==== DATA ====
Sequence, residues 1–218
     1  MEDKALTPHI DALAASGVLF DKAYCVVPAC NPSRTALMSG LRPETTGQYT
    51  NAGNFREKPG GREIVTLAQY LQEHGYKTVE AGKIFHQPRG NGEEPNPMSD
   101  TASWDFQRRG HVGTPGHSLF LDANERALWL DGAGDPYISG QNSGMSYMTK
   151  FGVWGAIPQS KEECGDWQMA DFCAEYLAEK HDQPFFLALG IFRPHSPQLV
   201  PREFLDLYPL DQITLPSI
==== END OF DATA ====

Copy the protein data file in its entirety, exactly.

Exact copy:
Sequence, residues 1–218
     1  MEDKALTPHI DALAASGVLF DKAYCVVPAC NPSRTALMSG LRPETTGQYT
    51  NAGNFREKPG GREIVTLAQY LQEHGYKTVE AGKIFHQPRG NGEEPNPMSD
   101  TASWDFQRRG HVGTPGHSLF LDANERALWL DGAGDPYISG QNSGMSYMTK
   151  FGVWGAIPQS KEECGDWQMA DFCAEYLAEK HDQPFFLALG IFRPHSPQLV
   201  PREFLDLYPL DQITLPSI